When Jonathan Coulton first began writing his weekly songs, he carefully tracked how many people listened to each one on his Web site. His listenership rose steadily, from around 1,000 a week at first to 50,000 by the end of his yearlong song-a-week experiment. But there were exceptions to this gradual rise: five songs that became breakout “hits,” receiving almost 10 times as many listeners as the songs that preceded and followed them. The first hit was an improbable cover song: Coulton’s deadpan version of the 1992 Sir Mix-a-Lot rap song “Baby Got Back,” performed like a hippie folk ballad. Another was “Code Monkey,” his pop song about a disaffected cubicle worker.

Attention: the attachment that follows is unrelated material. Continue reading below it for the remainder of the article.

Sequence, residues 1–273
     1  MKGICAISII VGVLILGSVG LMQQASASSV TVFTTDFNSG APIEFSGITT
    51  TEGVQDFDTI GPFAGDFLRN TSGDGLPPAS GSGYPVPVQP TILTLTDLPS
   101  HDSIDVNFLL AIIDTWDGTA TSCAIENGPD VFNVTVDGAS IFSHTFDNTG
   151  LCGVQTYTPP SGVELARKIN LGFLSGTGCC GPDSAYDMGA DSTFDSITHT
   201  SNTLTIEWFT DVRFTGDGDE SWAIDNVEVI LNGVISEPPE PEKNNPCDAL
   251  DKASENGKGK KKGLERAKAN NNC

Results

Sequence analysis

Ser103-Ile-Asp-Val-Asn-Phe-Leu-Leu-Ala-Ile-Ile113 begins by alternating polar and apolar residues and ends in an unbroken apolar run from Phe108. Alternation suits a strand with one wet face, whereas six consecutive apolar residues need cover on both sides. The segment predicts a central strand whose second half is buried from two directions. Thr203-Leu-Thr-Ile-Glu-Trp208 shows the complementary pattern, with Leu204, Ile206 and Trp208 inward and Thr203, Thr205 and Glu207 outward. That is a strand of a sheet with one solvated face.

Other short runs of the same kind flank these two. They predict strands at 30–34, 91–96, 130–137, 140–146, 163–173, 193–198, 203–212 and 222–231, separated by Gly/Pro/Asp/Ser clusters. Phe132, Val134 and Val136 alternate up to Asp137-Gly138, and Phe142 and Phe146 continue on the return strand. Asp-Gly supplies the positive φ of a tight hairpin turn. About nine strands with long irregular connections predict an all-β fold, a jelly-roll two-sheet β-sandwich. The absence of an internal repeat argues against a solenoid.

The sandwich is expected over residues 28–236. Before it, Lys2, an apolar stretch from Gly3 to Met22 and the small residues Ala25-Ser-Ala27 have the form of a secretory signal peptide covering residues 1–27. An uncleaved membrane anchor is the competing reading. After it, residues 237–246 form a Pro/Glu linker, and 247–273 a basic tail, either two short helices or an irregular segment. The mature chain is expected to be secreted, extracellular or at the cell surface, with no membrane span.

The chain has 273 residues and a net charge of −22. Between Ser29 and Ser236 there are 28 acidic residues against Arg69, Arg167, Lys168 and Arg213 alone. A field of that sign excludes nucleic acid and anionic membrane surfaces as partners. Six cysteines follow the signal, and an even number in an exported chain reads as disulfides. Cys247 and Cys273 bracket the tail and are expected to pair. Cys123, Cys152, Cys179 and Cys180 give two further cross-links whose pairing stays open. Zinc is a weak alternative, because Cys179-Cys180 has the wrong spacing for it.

Obviously, Coulton was thrilled when his numbers popped, not least because the surge of traffic produced thousands more dollars in sales. But the successes also tortured him: he would rack his brains trying to figure out why people loved those particular songs so much. What had he done right? Could he repeat the same trick?
“Every time I had a hit, it would sort of ruin me for a few weeks,” he told me. “I would feel myself being a little bit repressed in my creativity, and ideas would not come to me as easily. Or else I would censor myself a little bit more.” His fans, he realized, were most smitten by his geekier songs, the ones that referenced science fiction, mathematics or video games. Whenever he branches out and records more traditional pop fare, he worries it will alienate his audience.
For many of these ultraconnected artists, it seems the nature of creativity itself is changing. It is no longer a solitary act: their audiences are peering over their shoulders as they work, offering pointed comments and suggestions.